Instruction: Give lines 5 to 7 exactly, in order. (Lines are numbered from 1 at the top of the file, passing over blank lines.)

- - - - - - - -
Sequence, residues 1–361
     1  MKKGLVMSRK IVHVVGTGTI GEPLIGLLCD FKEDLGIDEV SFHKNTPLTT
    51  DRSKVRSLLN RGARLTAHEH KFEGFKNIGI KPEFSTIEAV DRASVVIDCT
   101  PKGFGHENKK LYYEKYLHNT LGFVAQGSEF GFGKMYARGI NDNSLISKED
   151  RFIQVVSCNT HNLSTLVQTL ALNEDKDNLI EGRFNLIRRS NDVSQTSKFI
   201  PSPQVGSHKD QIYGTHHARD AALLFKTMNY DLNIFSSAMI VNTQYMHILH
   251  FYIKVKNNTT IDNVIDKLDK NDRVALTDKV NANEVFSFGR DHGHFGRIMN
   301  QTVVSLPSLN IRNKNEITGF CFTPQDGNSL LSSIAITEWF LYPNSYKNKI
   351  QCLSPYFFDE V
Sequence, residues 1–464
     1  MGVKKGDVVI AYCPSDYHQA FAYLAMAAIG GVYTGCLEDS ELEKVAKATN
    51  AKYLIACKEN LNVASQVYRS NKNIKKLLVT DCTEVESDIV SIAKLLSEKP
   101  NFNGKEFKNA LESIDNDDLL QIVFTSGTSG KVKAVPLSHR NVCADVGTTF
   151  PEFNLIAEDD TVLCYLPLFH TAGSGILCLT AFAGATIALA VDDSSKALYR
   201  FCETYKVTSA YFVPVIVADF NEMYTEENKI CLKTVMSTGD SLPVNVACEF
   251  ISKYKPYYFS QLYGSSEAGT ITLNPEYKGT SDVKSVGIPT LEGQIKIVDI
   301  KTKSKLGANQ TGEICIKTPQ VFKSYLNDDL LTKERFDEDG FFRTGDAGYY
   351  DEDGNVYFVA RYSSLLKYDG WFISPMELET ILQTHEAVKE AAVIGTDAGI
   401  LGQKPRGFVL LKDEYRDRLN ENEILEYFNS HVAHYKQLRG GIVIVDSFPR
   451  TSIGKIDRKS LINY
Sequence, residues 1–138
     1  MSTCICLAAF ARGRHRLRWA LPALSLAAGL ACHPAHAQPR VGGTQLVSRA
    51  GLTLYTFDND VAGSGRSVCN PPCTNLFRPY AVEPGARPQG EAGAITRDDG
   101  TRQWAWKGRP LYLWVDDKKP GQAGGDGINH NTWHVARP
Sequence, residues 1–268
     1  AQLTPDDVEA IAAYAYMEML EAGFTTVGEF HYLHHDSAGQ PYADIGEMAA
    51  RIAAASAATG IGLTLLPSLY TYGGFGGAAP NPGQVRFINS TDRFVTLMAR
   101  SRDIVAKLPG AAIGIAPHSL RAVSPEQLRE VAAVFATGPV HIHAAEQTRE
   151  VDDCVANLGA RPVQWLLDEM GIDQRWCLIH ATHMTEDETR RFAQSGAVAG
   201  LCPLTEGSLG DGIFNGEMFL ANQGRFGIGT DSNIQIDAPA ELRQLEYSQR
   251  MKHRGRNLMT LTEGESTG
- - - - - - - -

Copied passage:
   151  RFIQVVSCNT HNLSTLVQTL ALNEDKDNLI EGRFNLIRRS NDVSQTSKFI
   201  PSPQVGSHKD QIYGTHHARD AALLFKTMNY DLNIFSSAMI VNTQYMHILH
   251  FYIKVKNNTT IDNVIDKLDK NDRVALTDKV NANEVFSFGR DHGHFGRIMN